Toolbar Plugins/Overlay Widgets for Website Accessibility Aren’t ADA Compliant
(Updated for 2023)
There are a dozen+ “accessibility” overlay vendors that really want to sell you an instant-fix widget to supposedly make your website accessible.
Besides overlay, you may seem them referred to as any number of terms: plugins, apps, software, toolbars, etc.
What’s most important to remember is that overlays are sold and marketing under the pretenses of being as a complete “solution” to website accessibility.
These “solutions”, when activated, open up to a menu with some combination of the following settings:
- read page aloud
- change color contrast
- stop animations, gifs, etc.
- increase font size
- change font type
- change cursor
Oh, and not a single line of code will need to be touched.
You’ve probably heard and experienced the adage, “If it sounds too good to be true, it probably is.”
This is another one of those times.
Three big problems:
- overlays don’t make your website accessible
- overlays are discriminatory under the ADA
- overlays don’t stop complaints (i.e., lawsuits)
Let’s quickly run through the reasons why overlays fail.
Overlays Don’t Make Your Website Accessible
To make a website accessible, you have to make changes at the code and content level.
An overlay cannot make these fundamental and essential changes. Rather, overlays can only make superficial changes based on automation.
This means your website’s code and content remain inaccessible — even when the overlay widget is activated.
For a full technical rundown of why overlays don’t make your website accessible, visit overlaysdontwork.com.
Overlays are Discriminatory
Including the fact that overlays don’t actually work, overlays create a separate and unequal experience for people with disabilities which is per se discrimination under Title III of the Americans with Disabilities Act (ADA).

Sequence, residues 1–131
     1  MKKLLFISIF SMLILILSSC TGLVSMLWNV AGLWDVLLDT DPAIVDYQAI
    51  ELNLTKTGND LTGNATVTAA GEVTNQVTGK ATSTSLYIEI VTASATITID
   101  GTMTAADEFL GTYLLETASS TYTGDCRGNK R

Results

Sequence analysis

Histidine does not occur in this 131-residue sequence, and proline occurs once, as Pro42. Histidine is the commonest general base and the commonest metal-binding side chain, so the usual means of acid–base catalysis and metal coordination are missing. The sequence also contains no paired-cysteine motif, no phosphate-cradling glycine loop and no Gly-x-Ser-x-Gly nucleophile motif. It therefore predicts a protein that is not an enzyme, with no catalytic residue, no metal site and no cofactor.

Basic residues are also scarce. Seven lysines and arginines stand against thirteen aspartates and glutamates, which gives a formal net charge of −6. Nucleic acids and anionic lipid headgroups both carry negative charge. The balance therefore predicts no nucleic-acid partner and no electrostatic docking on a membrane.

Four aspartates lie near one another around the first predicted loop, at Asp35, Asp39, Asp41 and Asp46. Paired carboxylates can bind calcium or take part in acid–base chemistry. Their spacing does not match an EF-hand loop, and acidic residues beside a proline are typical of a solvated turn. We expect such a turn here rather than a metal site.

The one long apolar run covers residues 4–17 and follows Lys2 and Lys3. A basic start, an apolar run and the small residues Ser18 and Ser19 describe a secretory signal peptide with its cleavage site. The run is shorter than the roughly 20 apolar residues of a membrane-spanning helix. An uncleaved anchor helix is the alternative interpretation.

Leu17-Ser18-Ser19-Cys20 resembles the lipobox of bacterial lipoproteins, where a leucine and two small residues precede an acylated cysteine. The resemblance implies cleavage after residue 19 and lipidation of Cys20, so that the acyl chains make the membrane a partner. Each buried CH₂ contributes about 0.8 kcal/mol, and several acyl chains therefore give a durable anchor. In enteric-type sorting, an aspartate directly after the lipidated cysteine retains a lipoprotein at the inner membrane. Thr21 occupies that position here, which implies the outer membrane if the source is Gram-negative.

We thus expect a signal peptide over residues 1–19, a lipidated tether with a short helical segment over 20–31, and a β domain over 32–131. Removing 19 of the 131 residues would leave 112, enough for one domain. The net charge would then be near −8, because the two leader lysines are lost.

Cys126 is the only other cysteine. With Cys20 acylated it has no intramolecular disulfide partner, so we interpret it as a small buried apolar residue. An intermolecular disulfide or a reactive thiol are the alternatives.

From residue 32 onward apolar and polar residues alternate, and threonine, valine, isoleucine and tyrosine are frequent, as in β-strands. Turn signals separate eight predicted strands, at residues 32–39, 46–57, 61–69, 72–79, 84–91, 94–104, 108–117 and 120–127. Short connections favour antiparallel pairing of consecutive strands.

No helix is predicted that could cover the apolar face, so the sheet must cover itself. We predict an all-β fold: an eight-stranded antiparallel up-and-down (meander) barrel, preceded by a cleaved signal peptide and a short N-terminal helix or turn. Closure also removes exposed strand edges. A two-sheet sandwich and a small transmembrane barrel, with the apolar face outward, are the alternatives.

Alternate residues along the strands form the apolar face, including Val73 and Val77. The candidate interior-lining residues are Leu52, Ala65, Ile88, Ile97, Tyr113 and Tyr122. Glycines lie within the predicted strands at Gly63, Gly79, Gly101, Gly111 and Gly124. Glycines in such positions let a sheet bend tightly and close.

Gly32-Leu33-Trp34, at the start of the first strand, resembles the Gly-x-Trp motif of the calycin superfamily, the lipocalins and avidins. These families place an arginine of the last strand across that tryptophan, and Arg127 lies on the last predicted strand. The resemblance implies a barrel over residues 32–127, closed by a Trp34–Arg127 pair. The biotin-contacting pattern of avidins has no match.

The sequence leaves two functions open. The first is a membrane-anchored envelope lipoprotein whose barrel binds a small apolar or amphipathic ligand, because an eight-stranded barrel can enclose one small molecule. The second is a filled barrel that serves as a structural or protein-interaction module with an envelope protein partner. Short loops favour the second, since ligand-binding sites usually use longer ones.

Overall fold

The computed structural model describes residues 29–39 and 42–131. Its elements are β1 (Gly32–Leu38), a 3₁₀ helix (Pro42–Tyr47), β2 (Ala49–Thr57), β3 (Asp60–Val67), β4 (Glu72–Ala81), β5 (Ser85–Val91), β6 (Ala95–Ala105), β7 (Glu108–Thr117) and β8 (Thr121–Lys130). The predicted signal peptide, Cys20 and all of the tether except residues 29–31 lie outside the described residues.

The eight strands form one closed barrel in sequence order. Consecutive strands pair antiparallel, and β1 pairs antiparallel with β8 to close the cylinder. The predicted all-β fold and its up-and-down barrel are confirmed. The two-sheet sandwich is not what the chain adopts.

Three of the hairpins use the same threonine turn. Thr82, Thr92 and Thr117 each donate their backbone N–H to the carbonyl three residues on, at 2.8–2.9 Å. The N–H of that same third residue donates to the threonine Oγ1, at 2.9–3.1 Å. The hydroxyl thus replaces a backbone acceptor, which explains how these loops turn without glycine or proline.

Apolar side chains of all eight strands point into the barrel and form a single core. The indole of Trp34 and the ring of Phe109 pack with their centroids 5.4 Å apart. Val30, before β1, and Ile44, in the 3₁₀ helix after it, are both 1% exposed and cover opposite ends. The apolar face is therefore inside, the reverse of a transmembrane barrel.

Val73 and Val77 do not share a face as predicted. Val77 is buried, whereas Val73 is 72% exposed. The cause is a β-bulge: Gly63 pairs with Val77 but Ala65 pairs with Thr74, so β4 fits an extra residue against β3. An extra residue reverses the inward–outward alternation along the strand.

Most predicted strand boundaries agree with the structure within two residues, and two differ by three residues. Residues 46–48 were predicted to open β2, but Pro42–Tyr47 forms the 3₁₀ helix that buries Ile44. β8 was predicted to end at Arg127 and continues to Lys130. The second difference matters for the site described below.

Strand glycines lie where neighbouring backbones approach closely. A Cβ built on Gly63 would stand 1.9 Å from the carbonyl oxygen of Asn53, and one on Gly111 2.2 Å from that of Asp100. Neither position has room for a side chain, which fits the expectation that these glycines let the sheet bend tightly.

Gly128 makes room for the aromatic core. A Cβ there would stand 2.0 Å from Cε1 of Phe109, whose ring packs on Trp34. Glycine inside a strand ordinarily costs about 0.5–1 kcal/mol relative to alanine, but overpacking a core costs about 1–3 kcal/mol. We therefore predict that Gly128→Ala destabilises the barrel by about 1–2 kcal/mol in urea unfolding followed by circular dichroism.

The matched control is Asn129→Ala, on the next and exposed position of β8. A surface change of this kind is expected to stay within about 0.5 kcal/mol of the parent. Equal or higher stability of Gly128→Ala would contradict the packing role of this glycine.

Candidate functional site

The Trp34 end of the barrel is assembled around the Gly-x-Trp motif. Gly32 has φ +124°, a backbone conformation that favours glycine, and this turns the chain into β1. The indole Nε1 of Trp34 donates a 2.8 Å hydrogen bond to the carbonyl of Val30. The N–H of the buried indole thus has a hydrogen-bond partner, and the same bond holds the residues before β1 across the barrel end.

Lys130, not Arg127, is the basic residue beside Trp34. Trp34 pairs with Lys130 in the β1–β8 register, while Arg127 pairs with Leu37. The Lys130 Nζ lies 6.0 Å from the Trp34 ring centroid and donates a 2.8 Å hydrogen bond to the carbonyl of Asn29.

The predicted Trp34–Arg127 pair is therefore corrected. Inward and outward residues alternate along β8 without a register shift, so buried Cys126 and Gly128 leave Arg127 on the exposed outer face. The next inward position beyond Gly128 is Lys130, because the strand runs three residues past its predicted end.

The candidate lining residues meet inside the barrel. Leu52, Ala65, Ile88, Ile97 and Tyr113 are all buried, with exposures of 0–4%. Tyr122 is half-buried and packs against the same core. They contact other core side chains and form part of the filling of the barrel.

Overlays Don’t Stop Lawsuits
Overlay widgets are a result of sellers looking to take advantage of serial litigation by offering a low cost automated “solution”.
There’s nothing wrong with opportunism when value is provided and the marketed promise is fulfilled.
There is something wrong with the vendors sell a widget under false pretenses.
It has been proven time and again, through hundreds of complaints filed, that overlay do not stop lawsuits.
You can learn all about the lies and read through the documented litigation at overlayfalseclaims.com.
Note 1: “AI” Claims
What’s ironic is many of the overlay vendors tout the “We won’t touch your website code” line as a selling point when, in fact, this is what buyers should want and expect when attempting to make their websites “ADA compliant”.
Instead, overlay sellers want to extol the virtues of technology as to why manual services are unnecessary.
The AI card is the #1 card played by vendors.
What the AI card comes down to is overlays use basic image recognition software to describe images.
Let’s discuss this quickly through an illustration.
The alt text I added to the image was:
“Smiling woman excitedly looking at phone in coffee shop.”
Image recognition software will attempt to extract the objects it can identify and recite those. At best, the alt text from overlays might look like:
“Woman, phone, coffee cup”
That doesn’t accurately convey the meaning of the image so, in effect, the image is inaccessible.
(You can experience AI alt text firsthand by checking the automatically generated alt text on your Facebook image uploads.)
Accessibility Scan Logic
There aren’t any automated scans — scans created by the most reputable of accessibility companies and experts — that claim to flag all of the accessibility deficiencies on a website (they only get about 25% of issues per WCAG 2.1 AA).
So if there isn’t technology to even flag all of the errors, how can a widget exist that will remediate or “fix” your website to fully conform with WCAG 2.1 AA?
If there really was a game-changing product that made a website accessible, the DOJ would have certainly made mention of it in their March 2022 Guidance on Web Accessibility and the ADA post.
But they didn’t.
And they won’t. Because overlays don’t work.
In a Nutshell
Overlays aren’t meant to make websites accessible. They’re meant to sell website owners on the illusion that they do.
To be clear, there is nothing wrong with having a plugin or toolbar for accessibility — there can be some benefit. And some can help for specific purposes. (But just installing a plugin won’t make your website “ADA compliant.”)
I’ve lumped in many common terms because overlays are the source of tremendous confusion.
What I want the reader to take away is that anything that is sold as automated remediation or an instant fix is a lie.
There’s no “solution” even remotely close.
The best approach is to manually identify and remediate important accessibility issues.